For those of us living in colder, cloudier climes, taking a vitamin D supplement has always been important, especially during the winter months when sunshine is limited. But with COVID-19 lockdowns now impacting the time many of us might normally spend outside, Public Health England is re-issuing its advice on taking vitamin D supplements.
PHE is recommending that during lockdown everyone (including children, pregnant and breastfeeding women and older people) with limited exposure to sunshine should consider taking a daily supplement of 10-micrograms of the vitamin every day to protect bone, teeth and muscle health.
However, those of you following the news will already know there could soon be even more compelling reasons to consider this sunshine supplement. Could there be a link between vitamin D and coronavirus?
Vitamin D & coronavirus - research now underway
Researchers at Granada University1 have hypothesised a link between the vitamin and the fight against COVID-19. A ten-week trial is now underway to see if high doses of the vitamin might help treat some of the mild symptoms associated with the virus including fatigue, headaches and fever.
Does low vitamin D weaken your immune system?
A deficiency may also be linked to a greater risk of infection in the body, particularly the respiratory tract and illnesses such as pneumonia, tuberculosis and bronchiolitis2.
Researchers at the Technological University Dublin and Trinity College Dublin admit this link is not enough to build a solid bridge between vitamin D and COVID-19. However, given the deficiency is “common and may contribute to increased risk of respiratory infection”, they therefore recommend that “older adults, hospital inpatients, nursing home residents and other vulnerable groups… be urgently supplemented with … vitamin D to enhance their resistance to COVID-19”3.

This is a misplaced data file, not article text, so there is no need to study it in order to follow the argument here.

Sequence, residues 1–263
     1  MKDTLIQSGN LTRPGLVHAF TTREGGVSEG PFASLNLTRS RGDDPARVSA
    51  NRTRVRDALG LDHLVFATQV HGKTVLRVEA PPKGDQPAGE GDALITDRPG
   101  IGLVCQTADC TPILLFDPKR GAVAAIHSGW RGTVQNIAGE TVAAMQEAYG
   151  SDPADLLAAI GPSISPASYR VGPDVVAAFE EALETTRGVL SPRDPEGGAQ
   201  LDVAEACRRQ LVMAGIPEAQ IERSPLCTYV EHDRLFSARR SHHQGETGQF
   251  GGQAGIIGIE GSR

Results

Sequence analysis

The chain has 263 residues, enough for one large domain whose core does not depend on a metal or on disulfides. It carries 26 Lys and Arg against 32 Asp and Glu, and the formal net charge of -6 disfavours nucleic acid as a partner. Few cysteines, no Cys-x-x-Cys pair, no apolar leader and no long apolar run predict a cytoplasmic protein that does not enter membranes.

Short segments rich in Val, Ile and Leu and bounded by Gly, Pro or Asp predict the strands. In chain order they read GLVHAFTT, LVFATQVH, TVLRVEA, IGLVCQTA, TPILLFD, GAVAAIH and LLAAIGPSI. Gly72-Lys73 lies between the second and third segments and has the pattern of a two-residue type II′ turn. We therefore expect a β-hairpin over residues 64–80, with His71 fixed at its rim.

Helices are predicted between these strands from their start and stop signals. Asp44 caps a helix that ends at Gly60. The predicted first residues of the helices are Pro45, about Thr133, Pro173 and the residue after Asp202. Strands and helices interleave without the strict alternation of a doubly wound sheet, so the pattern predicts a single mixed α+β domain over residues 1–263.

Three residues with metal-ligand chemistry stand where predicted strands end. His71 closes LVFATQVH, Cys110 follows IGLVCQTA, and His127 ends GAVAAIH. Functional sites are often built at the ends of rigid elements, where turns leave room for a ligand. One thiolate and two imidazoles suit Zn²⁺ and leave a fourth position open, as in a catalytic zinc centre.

However, as time continues and further global data becomes available, there appear to be increasingly favourable links between the two. For instance, it is becoming apparent that populations in the southern hemisphere, such as Australia, are experiencing lower mortality rates than those in the northern hemisphere (with exception to Scandinavian countries, which irrespective of coronavirus maintain good levels of vitamin D supplements). It's not so much a case of the vitamin protecting against coronavirus per se, but that it could help prevent the respiratory illness ultimately causing deaths.
What is vitamin D?
There are two types available:
- Vitamin D2 (ergocalciferol) – this is created by plants and is not produced by the human body.
- Vitamin D3 (cholecalciferol) – we can generate this three different ways, which we detail below.
What does vitamin D do?
It helps to regulate the amount of phosphate and calcium in our bodies, which is important in maintaining the health of our bones, muscles and teeth.
How to get vitamin D?
There are three ways:
1/ Through a supplement
2/ Through our bodies - we can create it naturally through the direct contact of sun onto our skin. If you spend most of your day inside, or if you cover yourself when you go outside, then your body is unlikely to be generating adequate amounts of this vitamin.
3/ Through a small number of foods that contain the vitamin, including oily fish like mackerel, salmon, herring and sardines, as well as egg yolks, liver, red meat and foods that have been fortified (some cereals and spreads - refer to their nutritional information on packaging).
Shop Vitamin D3
If you do need to rely on a supplement in order to get the adequate daily amount, pop over to find out about our vitamin D3. Made from lanolin (which is the same form that we would naturally produce in our bodies), our D3 comes in a very small, easy-to-swallow capsule. As with all our products here at Edible Health, we don’t include any additives, preservatives or nasties.
We will be sure to keep you posted on the vitamin D and coronavirus Granada University trial!
Corinna and the Edible Health Team.
The information we have provided herewith, and all linked materials, are not intended nor should they be construed as medical advice. Moreover, the information herewith should not be used as a substitute for professional medical expertise or treatment. Please refer to our Terms and Conditions and consult your General Practitioner for advice specific for you.